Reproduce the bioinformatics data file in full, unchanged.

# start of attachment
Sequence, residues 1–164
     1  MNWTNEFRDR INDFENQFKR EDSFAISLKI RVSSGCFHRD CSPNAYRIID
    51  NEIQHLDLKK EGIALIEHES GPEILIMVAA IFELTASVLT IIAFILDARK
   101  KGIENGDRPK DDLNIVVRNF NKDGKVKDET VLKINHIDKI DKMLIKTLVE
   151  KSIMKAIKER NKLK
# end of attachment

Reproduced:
Sequence, residues 1–164
     1  MNWTNEFRDR INDFENQFKR EDSFAISLKI RVSSGCFHRD CSPNAYRIID
    51  NEIQHLDLKK EGIALIEHES GPEILIMVAA IFELTASVLT IIAFILDARK
   101  KGIENGDRPK DDLNIVVRNF NKDGKVKDET VLKINHIDKI DKMLIKTLVE
   151  KSIMKAIKER NKLK